Diana Evans is an award-winning novelist, journalist and critic. Her bestselling novel 26a (Chatto & Windus, 2005), a study of the relationship between twins in a Nigerian–English family, was shortlisted for the Whitbread first novel and Commonwealth best-first-book awards, and was the inaugural winner of the Orange award for new writers. Her second book The Wonder (Chatto & Windus, 2009) is a dance mystery set in 1960s London and 1950s Jamaica, and was described by the Times as ‘the most dazzling depiction of the world of dance since Ballet Shoes’.
Before becoming an author, Diana Evans was a dancer in the Brighton-based African and Caribbean troupe Mashango. She began her writing career as the arts and music editor for Pride magazine, interviewing musicians and authors such as Lauryn Hill, Alice Walker and Maya Angelou. She went on to freelance for national newspapers and magazines, such as the Independent, Marie Claire and the Stage, before taking her MA in creative writing at the University of East Anglia. She has since published essays and literary criticism in the Guardian, the Observer, the Times, the Daily Telegraph, Harper’s Bazaar and the Financial Times. Her short fiction has been anthologised by Bookslam Productions, Penguin and Serpent’s Tail, and broadcast by BBC Radio 4.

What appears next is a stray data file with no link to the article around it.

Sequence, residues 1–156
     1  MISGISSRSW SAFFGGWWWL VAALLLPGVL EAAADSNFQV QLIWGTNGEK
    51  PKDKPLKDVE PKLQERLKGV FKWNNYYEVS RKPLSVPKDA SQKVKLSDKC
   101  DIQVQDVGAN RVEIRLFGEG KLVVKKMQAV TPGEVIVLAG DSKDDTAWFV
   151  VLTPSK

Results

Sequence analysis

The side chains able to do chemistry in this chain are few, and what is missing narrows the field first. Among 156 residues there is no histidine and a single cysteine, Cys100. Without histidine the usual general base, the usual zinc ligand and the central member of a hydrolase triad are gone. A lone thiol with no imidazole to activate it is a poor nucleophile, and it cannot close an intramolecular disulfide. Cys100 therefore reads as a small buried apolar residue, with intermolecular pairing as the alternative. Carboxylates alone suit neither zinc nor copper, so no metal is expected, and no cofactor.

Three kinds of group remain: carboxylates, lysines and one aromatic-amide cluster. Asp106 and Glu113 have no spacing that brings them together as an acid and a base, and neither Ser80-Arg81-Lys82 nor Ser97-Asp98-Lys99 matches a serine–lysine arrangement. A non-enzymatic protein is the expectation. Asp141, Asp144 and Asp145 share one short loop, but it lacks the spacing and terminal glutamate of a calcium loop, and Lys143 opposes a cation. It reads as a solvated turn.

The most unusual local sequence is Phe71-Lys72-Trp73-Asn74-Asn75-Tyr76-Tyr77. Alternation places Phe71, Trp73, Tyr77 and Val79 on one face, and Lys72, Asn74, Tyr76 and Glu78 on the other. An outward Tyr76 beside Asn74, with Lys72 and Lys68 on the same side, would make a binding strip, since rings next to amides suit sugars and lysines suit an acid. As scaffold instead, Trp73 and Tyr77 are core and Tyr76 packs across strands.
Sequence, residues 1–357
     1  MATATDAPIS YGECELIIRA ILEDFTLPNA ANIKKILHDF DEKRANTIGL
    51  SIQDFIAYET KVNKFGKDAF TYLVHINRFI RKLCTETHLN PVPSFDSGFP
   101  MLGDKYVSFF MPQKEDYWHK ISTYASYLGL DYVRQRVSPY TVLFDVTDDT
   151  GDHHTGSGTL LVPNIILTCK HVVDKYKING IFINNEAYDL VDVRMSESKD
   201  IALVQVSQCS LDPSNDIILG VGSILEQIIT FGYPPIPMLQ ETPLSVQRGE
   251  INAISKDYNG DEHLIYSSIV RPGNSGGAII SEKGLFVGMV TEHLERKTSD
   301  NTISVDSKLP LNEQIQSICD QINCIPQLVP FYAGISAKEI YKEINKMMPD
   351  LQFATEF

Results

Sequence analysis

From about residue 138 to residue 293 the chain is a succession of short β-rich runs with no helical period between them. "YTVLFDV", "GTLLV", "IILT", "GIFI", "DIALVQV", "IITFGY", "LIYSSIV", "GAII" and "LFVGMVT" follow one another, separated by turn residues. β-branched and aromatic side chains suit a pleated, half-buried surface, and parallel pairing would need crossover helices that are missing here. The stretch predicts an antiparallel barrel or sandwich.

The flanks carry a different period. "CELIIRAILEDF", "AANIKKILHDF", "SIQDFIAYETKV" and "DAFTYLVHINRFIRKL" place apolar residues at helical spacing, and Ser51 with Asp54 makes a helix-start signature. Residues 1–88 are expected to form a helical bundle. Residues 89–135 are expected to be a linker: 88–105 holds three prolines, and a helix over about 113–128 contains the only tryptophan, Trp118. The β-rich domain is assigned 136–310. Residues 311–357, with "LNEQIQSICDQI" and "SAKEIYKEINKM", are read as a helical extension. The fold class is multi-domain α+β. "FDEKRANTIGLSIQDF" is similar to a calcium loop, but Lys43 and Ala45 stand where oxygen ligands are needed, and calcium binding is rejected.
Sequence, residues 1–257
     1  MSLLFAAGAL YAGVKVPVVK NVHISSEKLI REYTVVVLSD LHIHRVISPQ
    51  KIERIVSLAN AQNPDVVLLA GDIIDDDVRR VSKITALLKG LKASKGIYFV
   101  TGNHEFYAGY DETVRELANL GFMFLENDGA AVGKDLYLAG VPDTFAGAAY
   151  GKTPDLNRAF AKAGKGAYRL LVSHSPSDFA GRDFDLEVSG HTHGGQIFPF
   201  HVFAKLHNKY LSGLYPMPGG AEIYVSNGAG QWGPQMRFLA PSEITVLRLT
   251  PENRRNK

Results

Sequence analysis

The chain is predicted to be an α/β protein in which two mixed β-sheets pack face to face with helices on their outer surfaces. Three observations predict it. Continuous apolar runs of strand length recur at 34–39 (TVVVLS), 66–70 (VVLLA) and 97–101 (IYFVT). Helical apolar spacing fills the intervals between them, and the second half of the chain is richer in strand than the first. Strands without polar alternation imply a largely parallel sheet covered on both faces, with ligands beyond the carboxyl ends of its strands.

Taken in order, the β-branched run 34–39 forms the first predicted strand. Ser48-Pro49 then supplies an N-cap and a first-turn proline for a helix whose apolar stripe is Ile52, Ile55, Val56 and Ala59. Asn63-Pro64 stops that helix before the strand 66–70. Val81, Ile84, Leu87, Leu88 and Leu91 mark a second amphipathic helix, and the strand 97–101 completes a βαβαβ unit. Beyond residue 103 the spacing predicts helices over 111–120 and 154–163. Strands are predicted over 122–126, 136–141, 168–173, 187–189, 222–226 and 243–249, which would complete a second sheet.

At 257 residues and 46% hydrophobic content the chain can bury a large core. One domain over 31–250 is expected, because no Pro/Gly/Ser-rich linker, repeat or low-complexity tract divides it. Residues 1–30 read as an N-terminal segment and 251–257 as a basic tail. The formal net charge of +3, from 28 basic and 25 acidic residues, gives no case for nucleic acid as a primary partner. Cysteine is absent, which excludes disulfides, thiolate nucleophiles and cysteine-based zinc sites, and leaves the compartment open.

In addition to her writing, Diana Evans has taught both journalism and fiction for the Arvon Foundation, Royal Holloway College and First Story, where she was writer-in-residence at St Gabriel’s College. She lives in London with her partner and two children.